What can inspire more patriotism for a country than to see its flag flying high, majestically billowing in the air against a cloudless blue sky? For Brazil, their flag’s colors, the stars and its elements, and its intricate design stands out both in the sky and in the memory of its countrymen. Brazilian history is brimming with strength and patriotism. At first, this country was independent as the Brazilian Empire. Then, Brazil changed to a republic in 1889, the same year that its flag was created.
The history of Brazil’s flag dates back to November 5, 1889. Marechal Deodoro da Fonseca defeated the then Emperor, Pedro II. From there, Brazil was declared a republic. At the dawn of the new Republic of Brazil, Ruy Barbosa, a writer and diplomat, created a design for a new flag. Inspired by the American flag, Barbosa created the flag and it flew high on November 15, 1889. However, just four days later, Fonseca, the provisional president of Brazil, had other plans. He vetoed the flag, claiming that it looked too much like America’s.
Colours of Brazil’s Flag
Fonseca decreed that a different flag needed to be designed, one that would resonate with the people of Brazil. He wanted the flag to be a tribute to the past monarchy and founders of Brazil. Therefore, he chose the color green to stand for the first Emperor, Pedro I. He included yellow, to represent Pedro’s companion, Maria Leopoldina of Austria. The blue globe, stars, and the written words gave the Brazilian flag deeper meaning. The flag was meant to be a sign of bravery in the face of change, a sign of metamorphosis from an Empire to a Republic. It was Raimundo Teixeira Mendes’ design that held all these elements. It was the flag that Fonseca approved, and it is the flag that is still flown in the great country of Brazil this day.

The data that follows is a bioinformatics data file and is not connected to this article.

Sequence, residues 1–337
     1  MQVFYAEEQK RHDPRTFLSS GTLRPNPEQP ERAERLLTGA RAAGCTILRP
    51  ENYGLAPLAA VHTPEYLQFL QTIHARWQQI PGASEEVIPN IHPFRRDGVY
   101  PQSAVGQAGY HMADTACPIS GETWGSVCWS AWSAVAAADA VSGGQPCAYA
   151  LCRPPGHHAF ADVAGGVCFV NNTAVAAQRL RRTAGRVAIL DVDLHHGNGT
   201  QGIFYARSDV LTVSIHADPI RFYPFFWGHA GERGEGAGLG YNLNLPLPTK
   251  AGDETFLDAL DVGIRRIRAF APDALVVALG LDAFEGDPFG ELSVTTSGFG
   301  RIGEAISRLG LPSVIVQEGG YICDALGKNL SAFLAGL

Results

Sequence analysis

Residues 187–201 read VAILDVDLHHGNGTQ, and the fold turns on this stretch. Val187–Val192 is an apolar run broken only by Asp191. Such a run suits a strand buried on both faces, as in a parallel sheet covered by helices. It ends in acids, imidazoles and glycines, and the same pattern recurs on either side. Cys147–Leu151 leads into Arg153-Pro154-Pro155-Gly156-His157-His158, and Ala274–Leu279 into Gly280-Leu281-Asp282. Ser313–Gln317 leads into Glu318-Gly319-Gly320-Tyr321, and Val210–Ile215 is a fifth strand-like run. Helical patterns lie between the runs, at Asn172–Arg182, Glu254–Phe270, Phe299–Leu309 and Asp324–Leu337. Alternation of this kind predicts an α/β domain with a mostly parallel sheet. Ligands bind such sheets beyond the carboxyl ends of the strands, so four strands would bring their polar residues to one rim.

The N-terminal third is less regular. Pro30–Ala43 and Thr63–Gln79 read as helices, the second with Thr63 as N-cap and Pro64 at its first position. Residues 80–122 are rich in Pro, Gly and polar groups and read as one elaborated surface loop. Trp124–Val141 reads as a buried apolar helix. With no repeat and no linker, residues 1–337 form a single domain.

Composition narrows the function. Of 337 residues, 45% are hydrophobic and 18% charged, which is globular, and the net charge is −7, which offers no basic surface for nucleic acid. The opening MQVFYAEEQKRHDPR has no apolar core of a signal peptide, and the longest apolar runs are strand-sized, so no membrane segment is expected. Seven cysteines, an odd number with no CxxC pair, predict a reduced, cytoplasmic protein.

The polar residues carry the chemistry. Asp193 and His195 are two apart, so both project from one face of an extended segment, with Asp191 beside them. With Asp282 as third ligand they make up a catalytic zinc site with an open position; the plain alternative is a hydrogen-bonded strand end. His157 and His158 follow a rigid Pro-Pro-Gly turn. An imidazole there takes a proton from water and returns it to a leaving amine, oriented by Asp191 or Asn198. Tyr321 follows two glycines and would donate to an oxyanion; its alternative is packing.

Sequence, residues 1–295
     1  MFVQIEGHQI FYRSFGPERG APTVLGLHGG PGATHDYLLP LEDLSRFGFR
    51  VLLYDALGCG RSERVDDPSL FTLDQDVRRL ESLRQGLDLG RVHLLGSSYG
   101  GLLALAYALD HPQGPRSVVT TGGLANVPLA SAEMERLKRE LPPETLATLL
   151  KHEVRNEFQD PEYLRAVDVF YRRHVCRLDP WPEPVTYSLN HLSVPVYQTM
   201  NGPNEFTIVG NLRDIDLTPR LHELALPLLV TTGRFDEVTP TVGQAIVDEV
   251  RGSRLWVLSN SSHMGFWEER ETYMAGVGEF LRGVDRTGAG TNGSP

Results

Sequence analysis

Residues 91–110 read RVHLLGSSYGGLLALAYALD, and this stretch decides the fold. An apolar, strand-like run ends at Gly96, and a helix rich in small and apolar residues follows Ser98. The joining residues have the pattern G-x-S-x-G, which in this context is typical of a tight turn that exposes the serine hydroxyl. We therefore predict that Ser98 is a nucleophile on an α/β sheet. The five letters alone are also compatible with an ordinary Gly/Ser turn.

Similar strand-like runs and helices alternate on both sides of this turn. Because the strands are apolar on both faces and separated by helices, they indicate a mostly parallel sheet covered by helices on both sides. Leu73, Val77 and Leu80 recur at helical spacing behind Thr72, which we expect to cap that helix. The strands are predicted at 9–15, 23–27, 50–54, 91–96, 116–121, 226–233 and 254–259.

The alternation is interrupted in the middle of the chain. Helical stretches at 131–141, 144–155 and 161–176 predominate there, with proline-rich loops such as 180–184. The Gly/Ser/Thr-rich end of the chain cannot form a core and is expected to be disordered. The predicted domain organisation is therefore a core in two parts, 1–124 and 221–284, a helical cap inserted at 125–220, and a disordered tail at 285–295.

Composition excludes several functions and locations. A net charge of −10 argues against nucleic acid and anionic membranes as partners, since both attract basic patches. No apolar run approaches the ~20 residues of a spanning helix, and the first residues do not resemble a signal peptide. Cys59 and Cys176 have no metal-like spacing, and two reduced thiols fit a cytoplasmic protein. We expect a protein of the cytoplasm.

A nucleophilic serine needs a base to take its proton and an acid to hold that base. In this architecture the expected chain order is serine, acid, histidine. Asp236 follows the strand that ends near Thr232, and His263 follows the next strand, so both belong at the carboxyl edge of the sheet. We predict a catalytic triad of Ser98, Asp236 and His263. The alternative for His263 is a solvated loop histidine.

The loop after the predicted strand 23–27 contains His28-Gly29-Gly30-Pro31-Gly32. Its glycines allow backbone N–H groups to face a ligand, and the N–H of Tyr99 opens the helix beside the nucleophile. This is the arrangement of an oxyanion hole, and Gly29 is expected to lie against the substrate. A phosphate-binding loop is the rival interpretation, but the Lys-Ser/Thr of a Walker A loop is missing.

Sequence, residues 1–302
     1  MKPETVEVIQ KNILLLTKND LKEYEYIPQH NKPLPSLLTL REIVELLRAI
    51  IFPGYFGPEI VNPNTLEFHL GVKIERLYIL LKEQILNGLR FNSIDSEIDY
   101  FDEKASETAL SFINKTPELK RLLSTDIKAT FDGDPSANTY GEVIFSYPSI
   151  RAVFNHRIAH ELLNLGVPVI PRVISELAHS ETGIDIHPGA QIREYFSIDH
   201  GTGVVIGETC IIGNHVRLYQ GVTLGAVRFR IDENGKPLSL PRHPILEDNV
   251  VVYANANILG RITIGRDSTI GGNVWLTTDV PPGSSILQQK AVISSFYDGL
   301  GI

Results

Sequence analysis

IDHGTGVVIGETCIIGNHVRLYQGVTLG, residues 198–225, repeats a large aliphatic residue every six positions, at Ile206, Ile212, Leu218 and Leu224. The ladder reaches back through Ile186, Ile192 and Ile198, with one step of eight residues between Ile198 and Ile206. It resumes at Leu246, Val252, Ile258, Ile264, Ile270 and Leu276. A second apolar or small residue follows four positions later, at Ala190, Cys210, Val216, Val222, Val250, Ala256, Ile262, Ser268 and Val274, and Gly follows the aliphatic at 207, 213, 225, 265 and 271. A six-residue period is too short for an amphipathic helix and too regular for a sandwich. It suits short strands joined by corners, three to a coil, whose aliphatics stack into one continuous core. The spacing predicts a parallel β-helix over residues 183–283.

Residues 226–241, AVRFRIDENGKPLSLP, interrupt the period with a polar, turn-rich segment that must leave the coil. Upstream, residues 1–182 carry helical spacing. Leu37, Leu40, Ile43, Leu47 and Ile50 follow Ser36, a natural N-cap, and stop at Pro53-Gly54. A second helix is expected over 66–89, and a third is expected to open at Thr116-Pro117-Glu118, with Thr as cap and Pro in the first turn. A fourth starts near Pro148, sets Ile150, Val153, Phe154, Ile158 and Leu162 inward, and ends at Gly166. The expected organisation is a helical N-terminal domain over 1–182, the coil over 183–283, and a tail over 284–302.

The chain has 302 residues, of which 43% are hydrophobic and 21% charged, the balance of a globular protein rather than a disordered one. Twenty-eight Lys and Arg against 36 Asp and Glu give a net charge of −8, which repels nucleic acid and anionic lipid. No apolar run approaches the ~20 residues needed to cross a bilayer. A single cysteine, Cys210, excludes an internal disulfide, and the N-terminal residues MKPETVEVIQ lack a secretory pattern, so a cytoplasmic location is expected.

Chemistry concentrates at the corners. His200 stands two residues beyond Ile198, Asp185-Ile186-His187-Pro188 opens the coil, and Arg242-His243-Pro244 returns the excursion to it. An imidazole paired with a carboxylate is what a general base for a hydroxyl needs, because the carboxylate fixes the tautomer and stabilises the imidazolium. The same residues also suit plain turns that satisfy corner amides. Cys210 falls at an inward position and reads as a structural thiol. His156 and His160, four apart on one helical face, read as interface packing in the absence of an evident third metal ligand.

Brazil’s flag is one of most complex flags to ever be created. The national flag has a blue disc showing a starry night sky. In the center, a ribbon of words spans the disc. The words contain Brazil’s national motto: “Ordem e Progresso” or “Order and Progress”. This simple yet profound motto is taken from August Comte’s positive quote. “L’amour pour principe et l’ordre pour base; le progrès pour but”, meaning “Love as a principle and order as the basis; progress as the goal”. This eloquent motto along with the blue sphere rests inside a yellow rhombus, and the yellow rhombus is held inside a green field.
The stars in the sky on the Brazilian flag are not placed idly. Even the position of the stars on this flag holds meaning. The arrangement of the stars in the sky depict the starry night sky in Rio De Janiero on the night of November 15, 1889. Each star represents a state of Brazil as well as one star for the Federal District.
The next time you see the Brazilian flag at the World Cup, outside a Brazilian restaurant, or flown high in the country of Brazil, pay close attention to the details. You won’t just see bright colors and intriguing design. You’ll see Brazil’s rich history and the embodiment of the emperors and founders of the country’s past.